IMBRUVICA®

Posted on October 21st, 2014 by

Generic Name:  Ibrutinib

Trade Name:  IMBRUVICA®

For which conditions is this drug approved? IMBRUVICA is indicated for treatment of mantle cell lymphoma (MCL) for chronic lymphocytic leukemia (CLL), both in patients who have received at least one prior therapy;  and for Waldenström’s macroglobulinemia.

What is the mechanism of action? IMBRUVICA is a tyrosine kinase inhibitor. These drugs work by blocking the action of enzymes called tyrosine kinases, which are involved in many cell functions, including cell signaling, growth, and division. These enzymes may be too active or found at high levels in some types of cancer cells and blocking them may help keep cancer cells from growing. Specifically, IMBRUVICA blocks the action of a kinase known as Bruton’s tyrosine kinase, or BTK.

How is IMBRUVICA typically given (administered)? IMBRUVICA is given once a day orally at approximately the same time each day. The capsules must be swallowed whole with water and never opened, broken, or chewed.

How are patients typically monitored? Before taking IMBRUVICA, discuss any medical conditions with your healthcare provider. This includes:  a recent or planned surgery or dental procedure, bleeding problems, liver problems, if you are pregnant or plan to become pregnant, are breast feeding or plan to breast feed. IMBRUVICA can harm an unborn baby, so women should not become pregnant while taking this drug. Patients taking IMBRUVICA should be monitored for bleeding, fever and infection, kidney problems, and secondary primary cancers. Blood counts should be taken monthly.

What are the common (occur in 20% or more of patients) side effects of treatment with IMBRUVICA for patients with MCL?

  • Thrombocytopenia (lower-than-normal number of platelets in the blood)
  • Diarrhea
  • Neutropenia (lower-than-normal number of neutrophils, a type of white blood cell)
  • Anemia
  • Fatigue
  • Musculoskeletal pain
  • Peripheral edema
  • Upper respiratory tract infection
  • Nausea
  • Bruising
  • Dyspnea (difficult, painful breathing or shortness of breath)
  • Constipation
  • Rash
  • Abdominal pain
  • Vomiting
  • Decreased appetite 

What are the common (occur in 20% or more of patients) side effects of treatment with IMBRUVICA for patients with CLL?

  • Thrombocytopenia (lower-than-normal number of platelets in the blood)
  • Diarrhea
  • Bruising
  • Neutropenia (lower-than-normal number of neutrophils, a type of white blood cell)
  • Anemia
  • Upper respiratory tract infection
  • Fatigue
  • Musculoskeletal pain
  • Rash
  • Fever
  • Constipation
  • Peripheral edema
  • Joint pain
  • Nausea
  • Stomatitis (inflammation or irritation of the mucous membranes in the mouth)
  • Sinus infection
  • Dizziness 

This is not a complete list of side effects. Some patients may experience other side effects that are not listed here. Patients may wish to discuss with their physician the other less common side effects of this drug, some of which may be serious.

Some side effects may require medical attention. Other side effects do not require medical attention and may go away during treatment. Patients should check with their physician about any side effects that continue or are bothersome.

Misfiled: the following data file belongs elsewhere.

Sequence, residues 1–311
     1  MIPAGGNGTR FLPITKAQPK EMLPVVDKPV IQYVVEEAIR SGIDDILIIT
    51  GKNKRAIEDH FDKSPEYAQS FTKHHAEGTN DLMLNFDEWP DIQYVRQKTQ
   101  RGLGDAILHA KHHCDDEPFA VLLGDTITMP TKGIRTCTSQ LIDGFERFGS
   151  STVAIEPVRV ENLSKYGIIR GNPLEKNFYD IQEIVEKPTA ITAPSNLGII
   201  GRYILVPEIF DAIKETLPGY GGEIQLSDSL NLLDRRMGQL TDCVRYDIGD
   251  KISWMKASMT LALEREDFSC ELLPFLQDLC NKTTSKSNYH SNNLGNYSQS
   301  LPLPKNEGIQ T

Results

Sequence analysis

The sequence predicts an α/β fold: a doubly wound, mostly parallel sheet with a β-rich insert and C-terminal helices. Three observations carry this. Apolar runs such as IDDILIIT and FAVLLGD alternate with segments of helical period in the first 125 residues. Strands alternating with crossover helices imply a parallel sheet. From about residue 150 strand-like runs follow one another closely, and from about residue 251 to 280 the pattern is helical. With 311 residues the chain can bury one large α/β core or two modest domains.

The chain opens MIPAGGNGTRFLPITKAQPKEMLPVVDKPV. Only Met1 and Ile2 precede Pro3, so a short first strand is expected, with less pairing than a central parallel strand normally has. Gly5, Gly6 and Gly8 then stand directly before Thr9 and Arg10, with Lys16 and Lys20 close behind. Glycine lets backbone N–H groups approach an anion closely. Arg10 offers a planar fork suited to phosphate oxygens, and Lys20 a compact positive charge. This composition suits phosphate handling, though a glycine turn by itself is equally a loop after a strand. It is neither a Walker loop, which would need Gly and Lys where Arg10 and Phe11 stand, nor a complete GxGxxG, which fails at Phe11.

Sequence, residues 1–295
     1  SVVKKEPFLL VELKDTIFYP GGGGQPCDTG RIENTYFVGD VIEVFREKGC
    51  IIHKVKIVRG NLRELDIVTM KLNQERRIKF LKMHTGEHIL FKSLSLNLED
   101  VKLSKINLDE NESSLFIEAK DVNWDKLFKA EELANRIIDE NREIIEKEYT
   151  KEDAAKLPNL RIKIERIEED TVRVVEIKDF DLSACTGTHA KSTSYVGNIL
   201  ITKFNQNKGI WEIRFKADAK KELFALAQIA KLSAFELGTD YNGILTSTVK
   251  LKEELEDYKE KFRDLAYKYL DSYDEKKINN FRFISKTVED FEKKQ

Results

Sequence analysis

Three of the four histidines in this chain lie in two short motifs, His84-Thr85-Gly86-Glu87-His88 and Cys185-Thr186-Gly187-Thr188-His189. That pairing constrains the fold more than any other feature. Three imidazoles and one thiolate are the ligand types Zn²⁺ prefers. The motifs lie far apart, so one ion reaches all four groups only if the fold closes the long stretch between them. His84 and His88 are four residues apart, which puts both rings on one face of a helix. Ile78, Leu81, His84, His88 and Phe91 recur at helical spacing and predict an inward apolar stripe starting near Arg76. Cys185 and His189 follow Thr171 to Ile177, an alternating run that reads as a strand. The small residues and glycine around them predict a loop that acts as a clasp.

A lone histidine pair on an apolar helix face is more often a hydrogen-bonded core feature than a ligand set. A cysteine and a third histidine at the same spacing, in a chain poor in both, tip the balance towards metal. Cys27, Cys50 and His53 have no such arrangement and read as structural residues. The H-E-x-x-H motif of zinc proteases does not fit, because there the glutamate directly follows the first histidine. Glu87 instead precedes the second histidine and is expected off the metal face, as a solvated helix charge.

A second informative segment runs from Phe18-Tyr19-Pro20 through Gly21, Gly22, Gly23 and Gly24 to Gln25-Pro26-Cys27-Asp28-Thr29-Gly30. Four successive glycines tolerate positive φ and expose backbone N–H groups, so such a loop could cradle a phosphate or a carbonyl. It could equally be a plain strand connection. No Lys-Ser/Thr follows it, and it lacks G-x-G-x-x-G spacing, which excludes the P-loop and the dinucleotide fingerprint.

What can patients do to help alleviate or prevent discomfort and side effects? Take IMBRUVICA exactly as your healthcare provider tells you to take it (once daily and swallowed whole with water) and take it at about the same time each day. If you miss a dose of IMBRUVICA, take it as soon as you remember on the same day, then take your next dose at your regular time the next day. Do not take two doses of IMBRUVICA on the same day to make up for a missed dose. Tell your healthcare provider about all the medicines you take, including prescription and over­-the-counter medicines, vitamins, and herbal supplements. Certain other medicines may affect how IMBRUVICA works and can cause side effects.

Are there any special precautions patients should be aware of before starting treatment? You should not drink grapefruit juice, eat grapefruit, or eat Seville oranges (often used in marmalades) while you are taking IMBRUVICA. These products may increase the amount of IMBRUVICA in your blood.

When should patients notify their physician? Tell your doctor if you experience any side effects that bother you or don’t go away. This includes persistent diarrhea and signs of bleeding, such as blood in stools or urine and prolonged or uncontrolled bleeding.

What is a package insert? A package insert is required by the FDA and contains a summary of the essential scientific information needed for the safe and effective use of the drug for healthcare providers and consumers. A package insert typically includes information regarding specific indications, administration schedules, dosing, side effects, contraindications, results from some clinical trials, chemical structure, pharmacokinetics and metabolism of the specific drug. By carefully reviewing the package insert, you will get the most complete and current information about how to safely use this drug. If you do not have the package insert for the drug you are using, your pharmacist or physician may be able to provide you with a copy.

Tags: Alphabetical Sort, Biological Therapy, Drug Dictionary, I

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